Kids often create an enormous amount of artwork — and then there’s the huge volume of schoolwork they come home with, too. Keeping it all would be overwhelming, but how do you decide which things to keep?
Kids often draw the same thing over and over again. How many nearly identical pictures of cats or superheroes do you need? Consider just keeping representative samples done over the years, which show how your child’s art has evolved.
Jessica Hinton wrote that she used to keep every piece of art her toddler made, but she’s changed her ways:
Today my daughter made 20 portraits of her baby sister, but I only kept one that she called her “favorite.” More likely than not we’ll keep it on the fridge and throw it away when another replaces it tomorrow. Or maybe, just maybe, this will be the one we’ll frame and hold on to for years to come. Maybe.
And as Susan Ward noted, even handprint art — something parents tend to keep — can be overdone:
You probably don’t need to keep two different handprint crafts made during the same week. Your child’s hand has not grown in 48 hours. Pick the cutest one and toss the other.
Choose original art
Drawings your children create out of their imagination will be more meaningful than those where they just filled in the colors in a coloring book.
Keep papers with a personal connection
The essay entitled “My Summer Vacation” or “My Family” is probably more meaningful than the essay on George Washington. Weekly spelling tests can probably be tossed, but a few samples of your child’s handwriting over the years might be fun to keep.
Other likely keepers are the papers (artwork or schoolwork) that showcase your child’s personality and talents. If your child decided to write the essay about George Washington in haiku, it might well become a keeper.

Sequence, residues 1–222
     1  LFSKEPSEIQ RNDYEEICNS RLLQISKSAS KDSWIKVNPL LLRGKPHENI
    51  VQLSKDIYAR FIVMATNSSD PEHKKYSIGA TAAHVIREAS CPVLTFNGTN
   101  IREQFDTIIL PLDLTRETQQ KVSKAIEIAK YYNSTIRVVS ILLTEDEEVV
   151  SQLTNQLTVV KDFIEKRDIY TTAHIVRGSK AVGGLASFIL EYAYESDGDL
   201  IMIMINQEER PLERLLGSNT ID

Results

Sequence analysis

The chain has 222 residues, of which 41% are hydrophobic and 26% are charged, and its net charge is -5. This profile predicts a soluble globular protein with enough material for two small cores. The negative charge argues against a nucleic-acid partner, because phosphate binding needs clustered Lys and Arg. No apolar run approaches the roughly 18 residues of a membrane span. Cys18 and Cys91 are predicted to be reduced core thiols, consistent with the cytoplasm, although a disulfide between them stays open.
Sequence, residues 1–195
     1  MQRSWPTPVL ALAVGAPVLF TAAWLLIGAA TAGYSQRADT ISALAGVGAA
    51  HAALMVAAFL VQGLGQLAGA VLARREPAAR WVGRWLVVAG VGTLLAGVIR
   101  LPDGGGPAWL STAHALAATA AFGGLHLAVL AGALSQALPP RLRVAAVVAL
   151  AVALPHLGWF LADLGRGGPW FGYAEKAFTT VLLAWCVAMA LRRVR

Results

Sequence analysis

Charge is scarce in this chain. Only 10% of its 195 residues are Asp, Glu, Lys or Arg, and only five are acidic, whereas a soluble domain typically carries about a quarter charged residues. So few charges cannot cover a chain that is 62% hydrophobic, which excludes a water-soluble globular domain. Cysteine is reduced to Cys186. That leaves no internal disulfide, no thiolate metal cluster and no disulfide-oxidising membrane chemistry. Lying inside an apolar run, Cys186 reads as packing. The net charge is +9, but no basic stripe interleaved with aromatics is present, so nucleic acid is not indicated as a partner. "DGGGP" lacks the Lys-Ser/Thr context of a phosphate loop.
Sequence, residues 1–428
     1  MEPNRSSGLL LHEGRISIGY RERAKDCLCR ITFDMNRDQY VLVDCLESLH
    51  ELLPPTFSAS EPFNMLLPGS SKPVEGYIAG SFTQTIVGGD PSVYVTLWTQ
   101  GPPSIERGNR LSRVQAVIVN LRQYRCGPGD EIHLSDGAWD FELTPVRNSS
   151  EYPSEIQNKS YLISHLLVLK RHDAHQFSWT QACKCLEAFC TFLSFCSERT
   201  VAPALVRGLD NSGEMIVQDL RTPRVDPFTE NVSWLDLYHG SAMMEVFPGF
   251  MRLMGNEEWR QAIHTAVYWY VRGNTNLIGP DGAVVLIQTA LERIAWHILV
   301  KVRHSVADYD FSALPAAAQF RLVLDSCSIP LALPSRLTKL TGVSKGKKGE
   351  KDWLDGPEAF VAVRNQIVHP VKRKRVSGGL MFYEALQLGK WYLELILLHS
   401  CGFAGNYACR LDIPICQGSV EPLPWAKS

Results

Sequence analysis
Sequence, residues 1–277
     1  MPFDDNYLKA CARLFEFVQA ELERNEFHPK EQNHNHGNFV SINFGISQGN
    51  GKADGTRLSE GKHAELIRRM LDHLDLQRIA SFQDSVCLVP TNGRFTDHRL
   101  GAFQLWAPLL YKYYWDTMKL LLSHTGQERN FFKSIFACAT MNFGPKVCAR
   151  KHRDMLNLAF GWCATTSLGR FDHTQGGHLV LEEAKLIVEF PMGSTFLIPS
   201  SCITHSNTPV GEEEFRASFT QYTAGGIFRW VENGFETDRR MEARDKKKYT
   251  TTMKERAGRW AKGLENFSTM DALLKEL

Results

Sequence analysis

Consider ditching the macaroni art
Anything that’s three-dimensional is going to be harder to store than simple pieces of paper. You may well want to save some of these projects, but for others, it may work fine to just take a photograph of the art. Consider having your child hold that artwork when you take the photo.
Ask your children what to keep
Your children may have their own ideas about what is worth saving. If a particular piece is especially meaningful to your child, it’s probably a keeper, along with a note explaining the significance, if it’s not obvious.
Parents often have more difficulty in parting with the art than their children do. Michael Tortorello, in an article for The New York Times, quoted David Burton, a professor of art education, talking about kids and their art:
Once they’re through with it, they may lose interest in it very quickly. The process is more important than the product for the child.
But Burton also notes that doesn’t necessarily mean they want to see you toss the art into the trash hours after they create it.
Remember that your children, when they’re adults, will thank you for not keeping everything
Most people enjoy seeing a representative sample of the work they did as children. But too many papers takes away that joy.
As a commenter wrote on Apartment Therapy:
A friend of mine was just given a GIANT box of old art and school papers and she cried. Not from joy or sentiment, but from the burden of having to deal with it. It’s now collecting dust in her basement.
Aby Garvey summarizes things nicely:
I use the “ahhh …” test, and keep things that really tug at my heartstrings. It’s the original artwork or the creative writing stories that are most special to me. Spelling tests and math worksheets just don’t have the same tug, but we might keep one or two of those, just so we can see how things change from year to year. By including my child in the process, I also make sure we keep items that are meaningful to her.